Describe how you found this story and why you decided to pursue it for your thesis at U.C. Berkeley.
I knew I wanted to make a film about the Indian American experience. I grew up never seeing my own experience reflected on film, and I wanted to add to the small but growing body of work produced by young Indian American filmmakers.
Before I was born, my parents struggled for several years to conceive a child. My father, who immigrated to the United States from New Delhi, and my mother, an Irish American who spent two years in the Peace Corps in Mangalore, decided to adopt from India. In 1972, my father visited Mother Theresa's orphanage to inquire about adopting a baby girl. When he returned to his parents' house in Delhi, my mother was on the phone, telling him to come back to California. She had just discovered I was on the way.
Although they never adopted a daughter from India, my parents continued to support Indian orphanages that sheltered and educated abandoned girls. I wondered how some of these girls would have adjusted if adopted into families like mine or even families with no connection to Indian culture.
Meanwhile, I became fascinated with the growing trend of white families bringing their adopted children to visit their birth countries. The Ties Program, based in Wisconsin, runs dozens of these package tours.
One of the strong points of the film is the intimate access viewers have to the girls' homes in America and on their trip. How did you go about finding these particular girls and what hurdles did you have to cross, if any, to get them to agree to your following them?
I worked with the Ties Program to identify families who were planning on going to India on the December 2003 tour. I decided to focus on Minnesota because four families there had signed up for the trip. And with its open, snowy prairies and a mostly white Protestant population, what could be more opposite to India than the American heartland?
The girls were very open to having me come and meet them. I think they were excited to meet someone of Indian background. I think it was perhaps surprising or confusing when they met me, a much lighter-skinned and blue-eyed person of Indian heritage. But they were really open to talking with me, as were their families for the most part.
The hard part came once we got to India -- everyone was exhausted and emotional at various points during the two-week-long trip. The families decided not to let us film any sessions with the social workers chaperoning the trip and asked us to avoid filming the girls during particularly emotional moments, like visiting the orphanage. That was frustrating for me as a filmmaker, but in the end, I don't think we really needed to see the girls crying. The dusty rooms and abandoned photos on the ground were just as powerful. And so were the sessions we arranged in the hotel room to hear the girls share their reflections -- even though we had to squeeze these interviews in between visits to temples and snake charmers.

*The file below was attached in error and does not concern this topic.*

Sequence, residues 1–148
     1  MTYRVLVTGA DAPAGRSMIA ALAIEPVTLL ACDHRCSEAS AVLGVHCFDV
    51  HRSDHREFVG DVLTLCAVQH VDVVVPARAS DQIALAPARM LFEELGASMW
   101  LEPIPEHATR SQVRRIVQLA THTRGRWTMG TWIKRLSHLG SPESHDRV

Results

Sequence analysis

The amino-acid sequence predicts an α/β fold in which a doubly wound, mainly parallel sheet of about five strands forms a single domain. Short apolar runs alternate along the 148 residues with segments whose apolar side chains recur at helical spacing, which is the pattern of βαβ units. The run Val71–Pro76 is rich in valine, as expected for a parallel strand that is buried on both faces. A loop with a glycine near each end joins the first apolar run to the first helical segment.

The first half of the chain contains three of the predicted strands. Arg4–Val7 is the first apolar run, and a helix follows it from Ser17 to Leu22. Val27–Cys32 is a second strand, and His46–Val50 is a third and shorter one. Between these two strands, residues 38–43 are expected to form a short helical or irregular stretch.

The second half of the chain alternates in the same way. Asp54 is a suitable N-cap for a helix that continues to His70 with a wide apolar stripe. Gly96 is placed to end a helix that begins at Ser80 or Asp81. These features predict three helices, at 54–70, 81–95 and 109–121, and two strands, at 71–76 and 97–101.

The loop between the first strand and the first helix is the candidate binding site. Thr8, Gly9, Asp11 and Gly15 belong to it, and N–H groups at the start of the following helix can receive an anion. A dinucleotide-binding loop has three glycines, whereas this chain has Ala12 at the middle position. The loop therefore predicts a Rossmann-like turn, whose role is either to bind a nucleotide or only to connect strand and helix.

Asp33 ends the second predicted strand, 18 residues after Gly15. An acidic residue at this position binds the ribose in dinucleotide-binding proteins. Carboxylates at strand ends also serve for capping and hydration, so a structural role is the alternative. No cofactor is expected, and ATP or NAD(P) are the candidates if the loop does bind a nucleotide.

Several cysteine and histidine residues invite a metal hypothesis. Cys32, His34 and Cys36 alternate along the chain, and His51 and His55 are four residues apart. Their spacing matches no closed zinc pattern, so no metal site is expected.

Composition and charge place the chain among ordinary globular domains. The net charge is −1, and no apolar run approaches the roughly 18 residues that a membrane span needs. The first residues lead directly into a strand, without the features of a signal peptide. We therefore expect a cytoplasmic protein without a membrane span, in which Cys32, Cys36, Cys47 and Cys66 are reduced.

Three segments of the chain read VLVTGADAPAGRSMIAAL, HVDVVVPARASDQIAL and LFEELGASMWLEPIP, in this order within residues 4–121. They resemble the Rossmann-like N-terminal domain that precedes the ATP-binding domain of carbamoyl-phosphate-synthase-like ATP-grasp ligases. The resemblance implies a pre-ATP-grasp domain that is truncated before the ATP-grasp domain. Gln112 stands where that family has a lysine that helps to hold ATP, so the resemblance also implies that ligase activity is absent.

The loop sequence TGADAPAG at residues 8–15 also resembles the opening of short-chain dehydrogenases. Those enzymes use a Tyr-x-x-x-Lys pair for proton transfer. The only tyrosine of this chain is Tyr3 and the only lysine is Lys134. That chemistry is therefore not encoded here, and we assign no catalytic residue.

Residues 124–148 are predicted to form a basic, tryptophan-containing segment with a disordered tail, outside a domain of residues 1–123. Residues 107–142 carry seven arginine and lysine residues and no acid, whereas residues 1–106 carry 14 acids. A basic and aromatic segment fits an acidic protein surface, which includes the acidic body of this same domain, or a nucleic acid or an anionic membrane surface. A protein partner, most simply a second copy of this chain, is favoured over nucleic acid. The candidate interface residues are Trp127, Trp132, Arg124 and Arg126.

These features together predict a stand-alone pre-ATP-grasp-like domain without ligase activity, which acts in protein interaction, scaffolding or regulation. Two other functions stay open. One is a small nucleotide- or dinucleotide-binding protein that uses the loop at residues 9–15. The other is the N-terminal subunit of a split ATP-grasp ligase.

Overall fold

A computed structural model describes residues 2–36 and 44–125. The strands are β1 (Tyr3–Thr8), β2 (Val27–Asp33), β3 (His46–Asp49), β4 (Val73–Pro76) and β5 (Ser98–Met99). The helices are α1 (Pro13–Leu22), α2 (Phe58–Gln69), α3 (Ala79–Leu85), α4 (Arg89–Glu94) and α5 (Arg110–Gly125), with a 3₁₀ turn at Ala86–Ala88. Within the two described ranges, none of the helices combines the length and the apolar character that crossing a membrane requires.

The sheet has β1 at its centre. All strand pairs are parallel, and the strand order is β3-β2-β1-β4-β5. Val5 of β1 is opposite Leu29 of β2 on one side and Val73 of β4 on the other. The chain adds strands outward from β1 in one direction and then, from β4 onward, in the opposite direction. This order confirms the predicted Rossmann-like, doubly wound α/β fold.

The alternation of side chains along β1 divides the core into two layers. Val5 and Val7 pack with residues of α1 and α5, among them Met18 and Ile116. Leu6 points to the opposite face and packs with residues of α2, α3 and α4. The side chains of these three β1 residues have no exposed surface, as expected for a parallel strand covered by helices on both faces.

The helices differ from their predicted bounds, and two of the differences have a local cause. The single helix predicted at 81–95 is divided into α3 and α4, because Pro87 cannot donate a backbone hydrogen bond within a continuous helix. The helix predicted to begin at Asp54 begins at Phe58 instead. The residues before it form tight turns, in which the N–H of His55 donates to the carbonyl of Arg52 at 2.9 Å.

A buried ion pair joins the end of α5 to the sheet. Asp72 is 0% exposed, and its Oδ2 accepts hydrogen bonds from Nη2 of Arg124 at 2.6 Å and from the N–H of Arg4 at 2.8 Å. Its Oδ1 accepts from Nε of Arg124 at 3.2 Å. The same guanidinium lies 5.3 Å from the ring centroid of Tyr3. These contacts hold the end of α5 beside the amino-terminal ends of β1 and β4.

Do you know how many Indian girls are adopted in America every year? Are boys ever adopted?
These girls are among a growing number of international adoptees -- particularly girls - brought to the United States from countries such as India and China over the last two decades. In America, there are more than 1.5 million children who are international adoptees. Many of these children have been adopted by a multiracial family. During the 1980s and 1990s, airplanes with malnourished Indian baby girls -- two to a wicker basket - landed regularly at the Minneapolis airport. It is much more common for girls to be adopted than boys, largely because of long-standing traditional practices, like dowry, that make girls an economic liability for poor families.
Since the time when the girls in Calcutta Calling were adopted, India has changed its laws to restrict foreign adoptions unless the adoptive parents are of Indian heritage.
One of my favorite moments in the film is when the girls get their noses pierced in solidarity as a symbol of their newfound Indian pride. And they have it done - appropriately for Americans -- in a mall. What other ways not shown in the film did you see the girls connect as Indian Americans?
The girls met and bonded in India -- and I think more of their connection was forged around being Americans in India. When they returned to Minnesota, they were able to sort through the trip together. I think that in large part, their sharing was based on the friendship they developed. They stayed in touch and saw each other fairly regularly. Anisha's and Kaylan's parents drove into Minneapolis for Indian food with Lizzie's parents. And Anisha and Kaylan decided to attend college together in South Dakota the following year.
How did your background as an Indian American help you recognize these moments?
When I first contacted the girls about the project, they were enthusiastic about meeting me -- a young Indian American woman. But our differences were quick to surface. I am light-skinned on the outside, but have grown up feeling Indian on the inside. These girls have felt isolated by their skin color, but feel like Swedish Lutherans on the inside.
I had been to India many times, always visiting family, so I knew a part of India they would never see on a trip largely geared toward tourism and sightseeing. But I had also been to most of the places on the tour and so was able to maintain a certain distance. Instead of focusing on the sites as a first-time visitor, I could focus more on the girls and their reactions to what they were seeing.